By 1970 Wright realised the need to address the Club’s stagnating finances and lack of promotion in the sport. He convinced the Committee to implement both a Finance and Promotions Sub – committee. An increase in admissions, trial fees and annual member’s subscriptions, enabled Wright to increase stakes at Hobart. Unfortunately, the Finance committee gradually waned with only Peter willing to drive it.
However, the Promotions Sub- committee was a resounding success. Promotional nights with the North Hobart Football Club and groups such as the Postal Institute, E.Z. Social Club, Fisheries, Tasmanian Kennel Club and others, saw many new visitors to the dogs. Wider publicity for greyhounds was initiated with advertising jingles, and Charity nights……a profit of $1408 was made at a Miss Tasmania Charity meeting. Greyhounds made front page Mercury coverage, and the ABC’s “Line Up” programme ran a feature on the Hobart dogs. Under Wright’s leadership, TV advertising was used for the first time with the 1972 Hobart and Maiden Thousand, resulting in a profit of $11.195. Also, the Saturday Evening Mercury was convinced to increase its coverage of Hobart dogs from one page to three, whilst greyhounds were now featured on T.V.T.6’s Sunday Sport. 7HO also initiated a Thursday and Friday night radio greyhound segment. By 1973 these promotions had reaped a 24.8% increase in turnover, and amazingly the nine meetings of the “Thousand” carnival saw Turnover exceed a million dollars for the first time.
Ever the trailblazer, and devoted to the improvement of greyhound racing, Peter was forever making improvements at the track. These included a permanent inside fence, reintroduction of the white hare, extension of distance races from 685 to 737 yards, and safer brush hurdles. He modified racing rugs, improved the on course PA system, and reintroduced qualifying heats on trial nights, which was most popular with trainers. He also was a regular contributor to greyhound journals.
Peter Wright exhaustingly pursued the State Government over the lack of funding for greyhound racing. He wrote many submissions for a better deal, pursuing funds from the Racing Assistance Fund, from the Unclaimed Dividend Fund and the annual carve up of the “stake money pie”, but as usual, these deputations were not answered favourably. In general, the H.G.R.C. had a reasonably amicable relationship with lessees of the T.C.A.……..namely the Tasmanian Cricket Association. However, despite all major buildings, which included two grandstands, and most of the improvements coming from money earned through greyhound racing, the Club was constantly harassed, and most unjustifiably for more rent. Upgrading of café and toilet facilities were driven by Peter Wright, however the Hobart Football Club trumped the H.G.R.C. in receiving bar and alcohol rights, though greyhounds did receive a commission on race nights.
Peter Wright played no small role in securing the 1971 National Distance Championship for Hobart, but it took twelve months of exhaustive preparations. A raging success, the 737 yard Feature was won by the Victorian star Saki Dasher, but Tasmanian champions Old Hobbs and Summer Idol filled the placings. It’s no wonder, that in 1972, Peter Wright was elected to the Committee of the Commonwealth Greyhound Association, where he was regarded as an innovator. Such was the esteem in which he was held, that he was approached by Western Australian delegates to accept the Secretarial post of the new Perth greyhound racing complex in 1974.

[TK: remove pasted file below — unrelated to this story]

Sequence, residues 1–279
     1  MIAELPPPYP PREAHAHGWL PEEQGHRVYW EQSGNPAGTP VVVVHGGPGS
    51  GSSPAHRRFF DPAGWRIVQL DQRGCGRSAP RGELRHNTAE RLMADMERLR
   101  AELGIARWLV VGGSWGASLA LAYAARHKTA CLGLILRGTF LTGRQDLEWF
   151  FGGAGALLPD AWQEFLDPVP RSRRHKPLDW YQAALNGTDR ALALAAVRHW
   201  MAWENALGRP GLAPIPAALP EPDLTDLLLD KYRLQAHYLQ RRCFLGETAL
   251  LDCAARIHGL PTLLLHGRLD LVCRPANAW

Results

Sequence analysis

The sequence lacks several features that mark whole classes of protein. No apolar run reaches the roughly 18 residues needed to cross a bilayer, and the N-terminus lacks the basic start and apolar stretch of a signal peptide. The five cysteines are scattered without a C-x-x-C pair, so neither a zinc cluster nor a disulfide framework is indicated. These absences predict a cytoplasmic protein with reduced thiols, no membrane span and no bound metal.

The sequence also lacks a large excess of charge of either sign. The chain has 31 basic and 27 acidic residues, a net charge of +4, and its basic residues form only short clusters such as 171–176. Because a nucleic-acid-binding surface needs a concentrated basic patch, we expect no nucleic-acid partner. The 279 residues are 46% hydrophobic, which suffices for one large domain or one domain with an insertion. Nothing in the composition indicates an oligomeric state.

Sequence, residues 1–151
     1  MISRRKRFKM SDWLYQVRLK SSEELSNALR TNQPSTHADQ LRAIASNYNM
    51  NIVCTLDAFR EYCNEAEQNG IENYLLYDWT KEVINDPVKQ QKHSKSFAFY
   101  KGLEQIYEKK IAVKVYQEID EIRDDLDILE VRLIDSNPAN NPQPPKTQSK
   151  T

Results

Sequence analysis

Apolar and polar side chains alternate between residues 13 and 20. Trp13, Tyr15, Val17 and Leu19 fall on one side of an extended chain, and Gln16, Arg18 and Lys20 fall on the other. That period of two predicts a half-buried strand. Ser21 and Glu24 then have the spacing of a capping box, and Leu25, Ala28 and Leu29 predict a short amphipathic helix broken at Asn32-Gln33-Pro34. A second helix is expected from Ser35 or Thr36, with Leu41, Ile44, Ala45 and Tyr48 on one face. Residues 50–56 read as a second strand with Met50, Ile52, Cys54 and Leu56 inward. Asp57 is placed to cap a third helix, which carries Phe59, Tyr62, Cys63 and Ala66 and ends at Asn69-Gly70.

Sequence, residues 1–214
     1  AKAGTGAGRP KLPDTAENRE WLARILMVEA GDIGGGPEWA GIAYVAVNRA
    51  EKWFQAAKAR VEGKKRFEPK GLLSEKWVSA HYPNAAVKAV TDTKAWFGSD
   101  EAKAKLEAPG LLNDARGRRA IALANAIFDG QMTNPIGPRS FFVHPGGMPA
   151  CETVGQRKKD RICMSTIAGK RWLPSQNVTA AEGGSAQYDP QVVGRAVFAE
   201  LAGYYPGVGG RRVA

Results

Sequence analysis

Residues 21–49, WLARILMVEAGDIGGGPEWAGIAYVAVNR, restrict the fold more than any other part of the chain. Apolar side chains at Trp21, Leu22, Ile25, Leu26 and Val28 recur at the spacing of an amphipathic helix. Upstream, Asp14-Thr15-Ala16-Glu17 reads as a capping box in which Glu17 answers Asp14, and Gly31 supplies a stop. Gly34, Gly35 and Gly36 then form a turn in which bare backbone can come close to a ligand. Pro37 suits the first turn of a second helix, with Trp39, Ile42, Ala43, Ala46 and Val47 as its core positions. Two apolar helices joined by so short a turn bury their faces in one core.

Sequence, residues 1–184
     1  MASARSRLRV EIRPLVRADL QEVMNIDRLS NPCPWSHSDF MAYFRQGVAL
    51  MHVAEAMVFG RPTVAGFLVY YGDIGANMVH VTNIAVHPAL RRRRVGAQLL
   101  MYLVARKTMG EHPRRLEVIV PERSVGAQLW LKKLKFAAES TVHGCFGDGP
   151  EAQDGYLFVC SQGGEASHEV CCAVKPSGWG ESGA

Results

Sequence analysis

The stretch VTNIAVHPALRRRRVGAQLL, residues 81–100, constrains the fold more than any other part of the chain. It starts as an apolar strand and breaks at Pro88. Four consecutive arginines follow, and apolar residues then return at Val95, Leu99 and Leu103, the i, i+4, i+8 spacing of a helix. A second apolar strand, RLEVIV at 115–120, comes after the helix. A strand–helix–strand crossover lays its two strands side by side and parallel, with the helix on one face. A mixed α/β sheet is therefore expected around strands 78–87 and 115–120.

There were two significant factors contributing to the ill heath that saw Peter Wright announce his resignation in 1974. One was the excessive work load carried by this conscientious man. In 1972 alone his hours exceeded 76 a week, more than 80 at carnival time. Whilst the Committee eventually provided him with an Assistant Secretary in Chris Cowen come 1973, the exhaustive tax of stressful, unpaid hours had taken their toll. The second debilitating factor was the constant acrimony and wrangling he had to confront, as the face of the H.G.R.C. Perpetual negotiations with the Owners and Trainers, the Bookmakers Association, the Tasmanian Racing Commission, the other T.C.A. tenants, as well as his own Committee and National Coursing Club Committee……….whilst working above and beyond with his normal duties, was too massive a tariff. His last day as Secretary was 31 August 1974. One could argue the H.G.R.C. never recovered from his loss. The subsequent turmoil the Club endured during the remainder of the Seventies would have been markedly different under his leadership.
In February 1975,and less than six months after resigning his post with the H.G.R.C., Peter Wright tragically died as the result of a cliff fall at Clifton Beach, when searching for driftwood. He was only 42. The greyhound community and all that had the privilege to know him mourned.
Page 74 of “Go Greyhound, 50 Years of the Hobart Greyhound Racing Club” says it best.
“Peter Wright was an honest and upright man. He left the sport on a higher plain than he had found it, for he was an able administrator, had the sense to foster and promote the sport to the public, and knew the interests and fears of the men and women most involved in the sport, the owners, trainers and breeders. He found it difficult to delegate work either to his Committee or to his Assistant when he was appointed, through a fear of what he didn’t do himself might not be done properly. The sport of greyhound racing owes a debt to Peter Wright.” That debt is now part paid with his induction into the Tasmanian Greyhound Hall of Fame.”